EU SRSP to offer technical support to 32 reform projects in Greece

EU SRSP to support 32 reform projects in Greece
European Commission Vice President Valdis Dombrovskis © Wiktor Dabkowski

The European Commission’s Structural Reform Support Programme (SRSP) will provide technical support to 32 reform projects in Greece.

The commission has approved the requests for support for 32 reform projects in Greece, which will be funded by the Greek authorities through a €20m transfer from their technical assistance component. This will bring the total number of reform projects funded in Greece to more than 100.

The projects are aimed at reforming and modernising Greece’s public administration at both national and local levels, and strengthen its judicial system to help it to better address the challenges of fraud, corruption and money laundering. Additional support will be provided to aid the implementation of Greece’s growth strategy, as part of the country’s ongoing recovery following economic concerns it has faced in recent years.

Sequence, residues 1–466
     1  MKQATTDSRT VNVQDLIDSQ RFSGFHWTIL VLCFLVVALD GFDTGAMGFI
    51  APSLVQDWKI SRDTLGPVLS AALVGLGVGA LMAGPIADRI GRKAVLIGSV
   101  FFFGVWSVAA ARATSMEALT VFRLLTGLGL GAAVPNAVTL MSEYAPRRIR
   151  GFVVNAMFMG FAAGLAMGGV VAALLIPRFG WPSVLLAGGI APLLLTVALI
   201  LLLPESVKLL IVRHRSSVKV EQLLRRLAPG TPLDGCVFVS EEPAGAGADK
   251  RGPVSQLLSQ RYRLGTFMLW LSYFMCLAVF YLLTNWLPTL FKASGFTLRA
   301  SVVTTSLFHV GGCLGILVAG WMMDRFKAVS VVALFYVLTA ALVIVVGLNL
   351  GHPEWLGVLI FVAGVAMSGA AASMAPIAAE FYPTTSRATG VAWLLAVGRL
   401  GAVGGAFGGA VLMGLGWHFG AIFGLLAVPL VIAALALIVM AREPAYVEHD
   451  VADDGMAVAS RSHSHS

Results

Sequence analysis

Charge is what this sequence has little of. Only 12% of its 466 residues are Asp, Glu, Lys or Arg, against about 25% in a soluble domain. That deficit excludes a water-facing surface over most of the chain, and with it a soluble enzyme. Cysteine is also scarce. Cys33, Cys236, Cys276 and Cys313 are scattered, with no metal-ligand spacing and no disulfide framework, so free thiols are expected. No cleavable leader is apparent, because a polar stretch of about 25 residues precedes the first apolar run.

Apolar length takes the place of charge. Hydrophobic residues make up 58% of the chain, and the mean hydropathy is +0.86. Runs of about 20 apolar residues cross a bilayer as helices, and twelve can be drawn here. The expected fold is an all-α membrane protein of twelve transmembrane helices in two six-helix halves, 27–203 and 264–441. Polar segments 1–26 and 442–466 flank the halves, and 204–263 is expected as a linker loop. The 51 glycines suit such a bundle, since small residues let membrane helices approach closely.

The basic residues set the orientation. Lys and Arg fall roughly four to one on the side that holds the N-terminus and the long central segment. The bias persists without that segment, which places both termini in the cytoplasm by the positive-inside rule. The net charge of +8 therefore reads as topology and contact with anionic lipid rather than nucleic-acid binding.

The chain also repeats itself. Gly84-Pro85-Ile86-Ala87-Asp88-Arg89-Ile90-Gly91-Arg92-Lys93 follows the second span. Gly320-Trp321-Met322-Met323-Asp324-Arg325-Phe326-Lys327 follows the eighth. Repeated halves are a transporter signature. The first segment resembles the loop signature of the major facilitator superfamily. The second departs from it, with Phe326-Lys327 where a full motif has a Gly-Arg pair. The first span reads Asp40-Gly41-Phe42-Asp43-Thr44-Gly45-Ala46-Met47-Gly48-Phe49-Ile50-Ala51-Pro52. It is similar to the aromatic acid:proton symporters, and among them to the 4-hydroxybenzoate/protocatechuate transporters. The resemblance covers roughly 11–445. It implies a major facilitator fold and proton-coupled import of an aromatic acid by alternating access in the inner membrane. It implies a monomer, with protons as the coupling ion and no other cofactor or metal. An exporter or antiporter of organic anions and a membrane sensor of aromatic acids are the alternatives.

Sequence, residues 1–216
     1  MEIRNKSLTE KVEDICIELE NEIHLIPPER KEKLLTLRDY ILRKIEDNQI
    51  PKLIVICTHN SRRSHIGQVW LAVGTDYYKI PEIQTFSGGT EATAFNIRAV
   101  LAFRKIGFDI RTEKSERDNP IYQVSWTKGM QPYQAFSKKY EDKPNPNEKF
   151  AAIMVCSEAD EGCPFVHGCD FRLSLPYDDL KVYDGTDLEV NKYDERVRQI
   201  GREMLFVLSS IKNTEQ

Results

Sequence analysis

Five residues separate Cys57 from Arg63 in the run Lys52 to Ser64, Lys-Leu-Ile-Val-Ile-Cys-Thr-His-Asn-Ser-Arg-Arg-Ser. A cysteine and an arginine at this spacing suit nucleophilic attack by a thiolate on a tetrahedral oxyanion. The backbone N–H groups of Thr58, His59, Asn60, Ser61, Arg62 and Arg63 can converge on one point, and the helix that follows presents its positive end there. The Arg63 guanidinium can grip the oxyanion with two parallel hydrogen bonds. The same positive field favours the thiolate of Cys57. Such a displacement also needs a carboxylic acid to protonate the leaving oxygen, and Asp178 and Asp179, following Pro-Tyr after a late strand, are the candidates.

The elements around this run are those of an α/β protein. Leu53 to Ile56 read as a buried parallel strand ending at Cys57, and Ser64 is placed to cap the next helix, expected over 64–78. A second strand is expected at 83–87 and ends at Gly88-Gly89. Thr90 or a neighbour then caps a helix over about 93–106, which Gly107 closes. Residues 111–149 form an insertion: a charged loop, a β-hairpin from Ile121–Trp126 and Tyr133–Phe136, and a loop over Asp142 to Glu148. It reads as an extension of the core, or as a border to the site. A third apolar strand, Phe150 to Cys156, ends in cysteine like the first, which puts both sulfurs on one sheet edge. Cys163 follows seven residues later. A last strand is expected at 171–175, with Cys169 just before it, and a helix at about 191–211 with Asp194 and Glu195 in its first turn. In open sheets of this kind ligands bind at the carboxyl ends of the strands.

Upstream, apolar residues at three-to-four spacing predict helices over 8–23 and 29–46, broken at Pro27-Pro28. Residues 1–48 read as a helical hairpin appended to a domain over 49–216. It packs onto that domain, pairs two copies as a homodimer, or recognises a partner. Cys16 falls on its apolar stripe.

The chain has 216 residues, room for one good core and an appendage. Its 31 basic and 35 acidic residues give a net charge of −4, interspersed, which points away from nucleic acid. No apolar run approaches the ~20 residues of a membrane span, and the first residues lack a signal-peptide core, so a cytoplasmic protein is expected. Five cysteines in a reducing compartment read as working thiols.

How will this technical support work to help Greece?

The SRSP aims to support member states in designing, preparing and implementing institutional, structural and administrative reforms, and allows countries to transfer from the technical assistance component of the European Structural Investment Funds.

European Commission Vice President for Financial Stability, Valdis Dombrovskis, welcomed the latest raft of measures as an indication that Greece is reaching the end of the long term economic support programme the EU has provided in the country. He added that this latest agreement marks an important opportunity to implement the vital reforms the country still needs.

Dombrovskis said: “Greece is at an important juncture. It is crucial that the country continues with modernising its economy and administration and the commission is committed to supporting these reform efforts. Reforms take time to bear fruit, but if fully implemented they can lead to robust and sustainable growth. We already see the first positive signs in Greece – economy is growing, confidence is strengthening, employment is set to increase steadily, investment started to recover, which ultimately means more and better quality jobs.”

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